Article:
It’s the time of year where children are getting adjusted to school, making new friends, learning new things. Here are some tips on starting conversations with your child.
Back to school can be hectic, especially with children growing up and becoming involved in new activities and having less free time. Nevertheless, it’s paramount to make the effort to interact with your child and ask them about their lives. Not only is it essential for a good relationship, but it also builds problem solving and compassion skills in your children. We’ve got the how-to guide on tips for starting conversations with your kids.
“How was your day?” “Good.” “What did you do at school?” “Stuff.” When talking to your child, you should be excited and enthusiastic about the conversation- even if they are not. It can be very difficult to talk and bond with your child when they are uncommunicative, but sometimes it’s necessary to engage in their interests even if they aren’t your interests. Discussing their favorite dinosaur or television show can help them to talk more. You can even go further to take up their interests as a way to bond with them. Shared hobbies will spark many more conversations.
After school, sports, clubs, and other activities, your child may be tired or so hungry that they can barely fit a word in through their bites. If your child seems distant when you try to speak with them, it could be because they’re preoccupied with or adjusting to the new school year routine. A quick, easy way to fit in more discussion time is turning off the TV, putting phones away, and extending a dinner time. A study finds that children who have meaningful conversation at dinner are 40% more likely to get As and Bs in school. If dinnertime is different due to scheduling conflicts, many families also find it is best to have deep conversations with your children on the weekends, where there is no pressure and no rush between work, school, and activities.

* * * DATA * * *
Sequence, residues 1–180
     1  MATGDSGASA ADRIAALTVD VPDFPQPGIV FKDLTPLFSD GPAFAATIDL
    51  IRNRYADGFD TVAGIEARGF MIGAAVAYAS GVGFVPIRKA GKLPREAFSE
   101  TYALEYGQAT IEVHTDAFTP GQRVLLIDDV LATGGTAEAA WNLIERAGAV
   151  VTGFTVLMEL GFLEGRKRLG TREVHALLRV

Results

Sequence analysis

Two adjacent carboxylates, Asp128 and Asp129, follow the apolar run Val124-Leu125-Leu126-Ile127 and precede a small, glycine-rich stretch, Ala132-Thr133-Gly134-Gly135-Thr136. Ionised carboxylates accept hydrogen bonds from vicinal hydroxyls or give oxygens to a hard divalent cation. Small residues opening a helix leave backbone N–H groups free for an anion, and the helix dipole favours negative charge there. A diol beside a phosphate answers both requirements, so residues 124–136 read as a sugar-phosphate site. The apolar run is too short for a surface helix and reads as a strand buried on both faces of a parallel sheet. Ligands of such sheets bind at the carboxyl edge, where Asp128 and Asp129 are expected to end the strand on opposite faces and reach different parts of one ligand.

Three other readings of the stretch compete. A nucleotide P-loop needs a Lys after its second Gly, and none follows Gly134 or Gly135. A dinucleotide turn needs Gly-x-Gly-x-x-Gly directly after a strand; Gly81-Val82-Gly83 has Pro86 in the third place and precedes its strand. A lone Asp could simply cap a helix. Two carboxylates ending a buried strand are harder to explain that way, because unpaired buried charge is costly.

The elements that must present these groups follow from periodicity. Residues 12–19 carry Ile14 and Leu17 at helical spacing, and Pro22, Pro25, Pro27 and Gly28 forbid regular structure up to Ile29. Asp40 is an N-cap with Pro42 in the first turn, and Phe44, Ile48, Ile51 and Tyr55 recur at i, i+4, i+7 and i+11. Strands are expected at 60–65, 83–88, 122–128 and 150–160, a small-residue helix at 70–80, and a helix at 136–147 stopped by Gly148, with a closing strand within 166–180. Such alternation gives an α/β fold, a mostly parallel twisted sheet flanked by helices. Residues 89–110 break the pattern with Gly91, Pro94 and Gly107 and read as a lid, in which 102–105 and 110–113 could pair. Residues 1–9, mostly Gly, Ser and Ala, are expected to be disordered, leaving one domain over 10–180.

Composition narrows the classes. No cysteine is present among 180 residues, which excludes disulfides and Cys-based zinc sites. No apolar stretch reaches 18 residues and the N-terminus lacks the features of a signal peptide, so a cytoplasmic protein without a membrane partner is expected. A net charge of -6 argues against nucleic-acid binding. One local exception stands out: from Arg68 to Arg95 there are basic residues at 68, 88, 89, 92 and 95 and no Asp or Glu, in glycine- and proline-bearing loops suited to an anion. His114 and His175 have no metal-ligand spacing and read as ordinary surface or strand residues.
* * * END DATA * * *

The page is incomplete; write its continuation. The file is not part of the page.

When talking to your child, you have to remember that that’s what they are- a child. Respond to them with emotion; don’t answer them like a therapist. Ask them more about their stories, tell them how it makes you feel, and be curious. This not only enhances their confidence, but it also makes them feel appreciated. Genuine responses from a parent make your child want to share more.
Don’t let your busy back to school schedules create distance between you and your children. While they are at the age where they may seem angsty or uninterested, these tips will help you to connect with your children at appropriately and at the right time.